Canada is Ready for Change

The last federal election was a political game changer. The Bloc was destroyed; the NDP rose up seizing the Bloc's support in Quebec, spread out across Canada and replaced the Liberals as the official opposition. The Bloc and Liberal support both collapsed because they didn’t advocate any meaningful political ideas and lost touch with their bases. Both campaigns lacked any real passions or fire.

Was this a transformative election for Canada or will things revert back to the same next time? Nobody is sure. But what is for sure is that more people participated in the election- especially younger people. We can use this moment of involvement as a moment of opportunity to change Canada for the better.

Victor Hugo, a French philosopher famously said, “Nothing is as powerful as an idea whose time has come.”

It’s time to look at Canada’s archaic institutions, by reforming our Senate, and our system of parliament to bring them into the 21st century. Why has there been little talk of political reform before?

The 1995 Quebec Referendum had a profound impact on the politicians who fought the unity struggle.  Jean Chretien and Paul Martin were in the Liberal government at the time. Jean Charest was the Progressive Conservative Leader at the time, and Joe Clark who wrote the failed Charlottetown Accord succeeded him. For the Reform party the MP who was responsible for their stance on the Quebec Referendum question was Stephen Harper. All these leaders saw the near demise of Canada. After this narrow victory, Stephane Dion was appointed Unity minister and introduced the Clarity Act. It stated that any province that wished to separate must have a clear majority and a clear question.  Look at the past 15 years and all of Canada’s major political leaders were involved in this fight. All of them saw how close Canada was to disintegrating, and all have had zero motivation for serious political reform.

What Canada needs is electoral reform! We need an elected senate. Even the British House of Lords is looking at reform. Why can’t Canada? Without any fear of defeat, many Senators have offered little value to our political system. It’s time for an elected senate. But not a first-past- the-vote Senate that would duplicate the House of Commons. Canada needs to look at proportional or preference balloting for an elected senate. Proportional voting would make every vote equal in Canada, by dividing votes equally amongst Canadian voters not ridings. Preferential balloting would give Canadians more than one choice on Election Day and end strategic voting. Now what’s wrong with our current First-past-the-vote system? Every riding is not equal. Voters in battleground ridings have a greater say in whose elected. On the other hand, voters in “safe ridings” votes count very little because it’s already decided who will win, and its very likely party leaders don’t even visit those ridings.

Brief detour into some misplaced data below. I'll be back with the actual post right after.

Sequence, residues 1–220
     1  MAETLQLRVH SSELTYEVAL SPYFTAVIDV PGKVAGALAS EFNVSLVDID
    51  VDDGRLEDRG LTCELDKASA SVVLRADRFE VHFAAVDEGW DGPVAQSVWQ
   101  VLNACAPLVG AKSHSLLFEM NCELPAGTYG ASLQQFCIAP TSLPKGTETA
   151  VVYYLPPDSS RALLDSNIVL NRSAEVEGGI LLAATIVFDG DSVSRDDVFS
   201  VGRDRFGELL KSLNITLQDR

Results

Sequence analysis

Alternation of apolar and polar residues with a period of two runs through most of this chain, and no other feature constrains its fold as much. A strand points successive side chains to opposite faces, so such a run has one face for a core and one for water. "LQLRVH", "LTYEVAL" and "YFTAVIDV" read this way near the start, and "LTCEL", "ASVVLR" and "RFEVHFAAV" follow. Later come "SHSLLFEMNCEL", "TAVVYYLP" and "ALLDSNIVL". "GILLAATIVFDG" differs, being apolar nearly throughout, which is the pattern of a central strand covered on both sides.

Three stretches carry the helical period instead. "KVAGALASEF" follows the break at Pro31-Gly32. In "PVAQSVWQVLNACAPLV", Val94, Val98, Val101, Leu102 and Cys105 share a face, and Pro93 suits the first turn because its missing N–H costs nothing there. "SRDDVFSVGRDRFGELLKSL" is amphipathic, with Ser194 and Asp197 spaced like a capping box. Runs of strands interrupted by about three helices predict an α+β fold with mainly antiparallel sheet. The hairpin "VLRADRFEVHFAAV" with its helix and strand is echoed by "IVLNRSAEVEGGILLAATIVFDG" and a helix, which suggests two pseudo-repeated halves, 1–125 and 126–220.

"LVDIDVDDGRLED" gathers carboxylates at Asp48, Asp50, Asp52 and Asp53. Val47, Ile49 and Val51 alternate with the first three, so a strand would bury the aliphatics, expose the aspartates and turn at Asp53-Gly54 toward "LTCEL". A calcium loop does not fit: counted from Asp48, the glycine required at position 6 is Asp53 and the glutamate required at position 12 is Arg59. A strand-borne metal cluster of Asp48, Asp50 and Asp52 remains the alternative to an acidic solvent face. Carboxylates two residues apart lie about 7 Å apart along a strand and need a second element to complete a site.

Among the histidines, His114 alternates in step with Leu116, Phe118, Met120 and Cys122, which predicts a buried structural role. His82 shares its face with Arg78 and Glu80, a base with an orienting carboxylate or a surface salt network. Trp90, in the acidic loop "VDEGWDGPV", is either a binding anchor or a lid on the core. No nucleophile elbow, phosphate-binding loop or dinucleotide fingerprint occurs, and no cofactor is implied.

The 2008 Election saw the Bloc receive 1.3 million votes, Green 900, 000. The Bloc won 49 seats and Green won 0 seats. Why do we have a system rewards a separatist region party and punishes a national federalist party? Our current system rewards regional parties and punishes parties whose support is spread out. Critiques of proportional voting say you won’t have a local MP representing your riding. But look at the 2011 election in Quebec where voters voted for the party or the national leader and didn’t even know the name of their candidate. Ruth Ellen Brosseau, the infamous NDP MP elected from Quebec went to Las Vegas during the election, doesn’t speak French, and five days after she won admitted she never ever been to her riding.

Something must change. The reason why we had the 2011 election was because of issues simmering from the parliamentary crisis in 2008. The Conservatives won 143 seats but it was a minority, and couldn’t gain support from the other parties.  Combined with the Conservatives plan to remove public funding for political parties the other parties threatened to topple the government with a coalition agreement.  The other three parties signed an agreement to topple the government.  The Liberals and NDP agreed to form a coalition government supported by the Bloc Qubecois and together they had 163 seats. Conservative supporters since this is wrong the party with the most seats should form government. But if that holds true, that most means the voters in 163 ridings (which is a majority) will have their votes voided. We need clearer rules. When we have a minority, we needs rules written down in the Constitution, and the country shouldn’t be thrust into chaos because nobody knows what happens next.

Constitutional change is necessary for Canada, it hasn’t happened for a while. But change does have its risks.  We are a soft power in the world. Canada has played a role in resolving conflict worldwide through negotiations and open debate.  But yet we can’t change at home. The 21st century must have a democratic Canada. It can’t be an old 19th or 20th century idea because we lost interest. We need to regain interest in our democratic decisions. We have solved grand problems before. We created a national railway, opened up our borders to immigrants from around the world, and introduced universal healthcare. Surely we can reform our senate by figuring out a way to make it democratic.

John A Macdonald our first Prime Minister said:

"Whatever you do, adhere to the Union. We are a great country, and shall become one of the greatest in the universe if we preserve it; we shall sink into insignificance and adversity if we suffer it to be broken."

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Updated: August 18, 2012

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